Abortions were never banned because people feared for the “life,” growing inside the woman. That’s a fairly new idea. In traditional Jewish law for example, causing a woman to miscarry in her first six months was viewed as a crime that could be repaid like any other form of vandalism or property damage. There were some laws concerning avoiding aborting a child after the ‘quickening,’ began. In other words, if the baby could kick and be felt, than you probably shouldn’t abort it. Ultimately it was felt that if you wanted to abort the child, you’d probably decide long before it quickened. Once again, there was also a focus on avoiding pregnancy from the get go. Whether this was with some kind of crude condom or diaphragm, or the classic maneuver coitus interruptus.

We banned abortions in the United States because we were concerned over the life of the mother. Before the early to mid twentieth century, surgery was dangerous business. The idea of elective surgery was no different from taking your life into your hands. Removing a child from it’s mother is a procedure that will involve a lot of cutting, and blood, and scarring. It could also, at the time, leave lasting damage for the woman. So, it was banned.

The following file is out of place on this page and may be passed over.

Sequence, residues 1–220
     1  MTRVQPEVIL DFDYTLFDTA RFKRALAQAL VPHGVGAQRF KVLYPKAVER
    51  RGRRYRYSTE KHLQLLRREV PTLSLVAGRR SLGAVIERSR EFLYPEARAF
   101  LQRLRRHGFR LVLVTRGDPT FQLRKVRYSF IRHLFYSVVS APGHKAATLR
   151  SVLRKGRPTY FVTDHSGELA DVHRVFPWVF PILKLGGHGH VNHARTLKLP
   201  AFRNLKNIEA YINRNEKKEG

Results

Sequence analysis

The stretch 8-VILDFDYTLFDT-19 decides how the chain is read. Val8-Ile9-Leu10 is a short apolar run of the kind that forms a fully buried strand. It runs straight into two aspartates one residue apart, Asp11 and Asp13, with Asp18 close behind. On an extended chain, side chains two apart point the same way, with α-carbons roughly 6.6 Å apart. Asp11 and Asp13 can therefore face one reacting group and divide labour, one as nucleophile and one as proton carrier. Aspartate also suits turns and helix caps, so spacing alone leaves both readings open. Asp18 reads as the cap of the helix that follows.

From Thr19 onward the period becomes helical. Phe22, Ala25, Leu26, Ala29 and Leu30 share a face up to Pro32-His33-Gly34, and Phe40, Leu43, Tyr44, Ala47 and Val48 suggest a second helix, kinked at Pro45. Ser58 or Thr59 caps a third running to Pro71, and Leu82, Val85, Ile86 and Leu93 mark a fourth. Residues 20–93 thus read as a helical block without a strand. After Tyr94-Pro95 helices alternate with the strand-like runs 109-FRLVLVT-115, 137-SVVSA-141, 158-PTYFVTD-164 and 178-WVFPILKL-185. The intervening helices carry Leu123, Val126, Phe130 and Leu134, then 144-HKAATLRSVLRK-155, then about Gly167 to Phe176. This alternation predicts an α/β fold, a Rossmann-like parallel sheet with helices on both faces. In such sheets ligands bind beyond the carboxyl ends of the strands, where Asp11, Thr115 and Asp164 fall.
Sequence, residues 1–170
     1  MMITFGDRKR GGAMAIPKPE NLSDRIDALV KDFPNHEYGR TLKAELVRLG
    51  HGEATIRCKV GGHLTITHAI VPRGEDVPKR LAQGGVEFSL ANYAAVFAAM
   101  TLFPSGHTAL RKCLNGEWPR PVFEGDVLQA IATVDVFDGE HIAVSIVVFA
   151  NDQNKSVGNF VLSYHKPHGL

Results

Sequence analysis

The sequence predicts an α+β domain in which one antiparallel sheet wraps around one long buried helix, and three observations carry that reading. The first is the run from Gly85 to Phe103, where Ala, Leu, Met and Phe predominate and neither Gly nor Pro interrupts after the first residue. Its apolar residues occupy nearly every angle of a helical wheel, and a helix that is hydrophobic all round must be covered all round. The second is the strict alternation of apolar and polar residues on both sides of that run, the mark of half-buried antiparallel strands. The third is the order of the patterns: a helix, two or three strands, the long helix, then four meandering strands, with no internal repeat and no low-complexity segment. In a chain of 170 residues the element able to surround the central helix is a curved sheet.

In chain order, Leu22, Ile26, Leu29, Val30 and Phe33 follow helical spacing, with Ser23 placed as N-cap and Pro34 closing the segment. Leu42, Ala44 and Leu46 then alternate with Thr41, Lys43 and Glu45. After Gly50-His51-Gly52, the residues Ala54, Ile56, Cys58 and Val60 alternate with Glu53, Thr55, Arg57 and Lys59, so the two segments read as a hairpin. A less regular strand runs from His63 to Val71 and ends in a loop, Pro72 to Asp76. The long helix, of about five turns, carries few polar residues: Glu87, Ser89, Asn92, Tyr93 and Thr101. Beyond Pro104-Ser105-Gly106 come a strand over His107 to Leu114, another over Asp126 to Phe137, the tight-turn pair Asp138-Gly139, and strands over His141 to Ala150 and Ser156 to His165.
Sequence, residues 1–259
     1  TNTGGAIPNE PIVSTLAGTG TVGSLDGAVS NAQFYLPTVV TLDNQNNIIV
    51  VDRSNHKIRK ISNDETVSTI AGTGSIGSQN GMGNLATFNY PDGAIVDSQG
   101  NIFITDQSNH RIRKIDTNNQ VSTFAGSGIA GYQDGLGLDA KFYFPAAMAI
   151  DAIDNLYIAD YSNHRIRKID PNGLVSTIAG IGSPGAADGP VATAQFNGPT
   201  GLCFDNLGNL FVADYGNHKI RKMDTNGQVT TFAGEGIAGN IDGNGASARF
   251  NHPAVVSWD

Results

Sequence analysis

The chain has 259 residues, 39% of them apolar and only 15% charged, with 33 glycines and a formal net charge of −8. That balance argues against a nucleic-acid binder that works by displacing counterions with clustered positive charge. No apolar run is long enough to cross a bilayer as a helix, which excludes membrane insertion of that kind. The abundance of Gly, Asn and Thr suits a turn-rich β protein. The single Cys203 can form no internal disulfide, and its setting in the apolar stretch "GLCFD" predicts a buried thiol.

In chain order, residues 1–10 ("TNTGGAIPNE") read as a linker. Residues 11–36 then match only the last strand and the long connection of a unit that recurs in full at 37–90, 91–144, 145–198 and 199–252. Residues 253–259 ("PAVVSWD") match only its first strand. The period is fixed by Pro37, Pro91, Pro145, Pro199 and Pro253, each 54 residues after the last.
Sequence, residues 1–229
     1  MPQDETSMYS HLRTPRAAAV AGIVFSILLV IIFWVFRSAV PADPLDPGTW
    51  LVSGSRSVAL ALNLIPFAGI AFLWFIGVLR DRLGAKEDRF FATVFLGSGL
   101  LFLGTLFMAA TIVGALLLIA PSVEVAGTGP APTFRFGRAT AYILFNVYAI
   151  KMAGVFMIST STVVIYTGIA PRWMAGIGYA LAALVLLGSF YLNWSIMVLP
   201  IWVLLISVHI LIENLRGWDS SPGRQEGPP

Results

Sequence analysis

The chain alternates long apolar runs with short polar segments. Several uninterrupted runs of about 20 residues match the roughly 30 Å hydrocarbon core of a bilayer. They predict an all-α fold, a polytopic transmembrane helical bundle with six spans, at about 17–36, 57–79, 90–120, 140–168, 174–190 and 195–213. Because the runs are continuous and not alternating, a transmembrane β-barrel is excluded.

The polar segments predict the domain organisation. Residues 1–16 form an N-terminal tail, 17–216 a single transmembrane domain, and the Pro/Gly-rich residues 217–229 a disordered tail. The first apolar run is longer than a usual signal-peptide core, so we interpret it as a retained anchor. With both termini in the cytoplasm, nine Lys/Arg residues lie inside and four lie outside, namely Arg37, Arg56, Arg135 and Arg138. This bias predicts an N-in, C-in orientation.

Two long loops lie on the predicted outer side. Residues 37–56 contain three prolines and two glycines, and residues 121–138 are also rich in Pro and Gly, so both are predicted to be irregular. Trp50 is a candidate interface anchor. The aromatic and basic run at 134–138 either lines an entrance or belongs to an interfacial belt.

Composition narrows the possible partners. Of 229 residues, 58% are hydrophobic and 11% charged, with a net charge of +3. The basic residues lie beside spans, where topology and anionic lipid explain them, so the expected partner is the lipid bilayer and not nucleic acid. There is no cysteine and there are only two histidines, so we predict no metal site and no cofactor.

This is why, when Roe v. Wade went before the judges they basically side-stepped the issue of abortions. In their eyes, medicine had improved and there was far less danger to the woman, so who cared? In the 7-2 majority opinion little talk of abortion is even made. The Dissenting opinion actually makes no reference to abortion at all but instead focuses on the notion of a “right to privacy,” which is a derived right rather than one explicitly stated in the constitution. Some people just don’t like that sort of thing.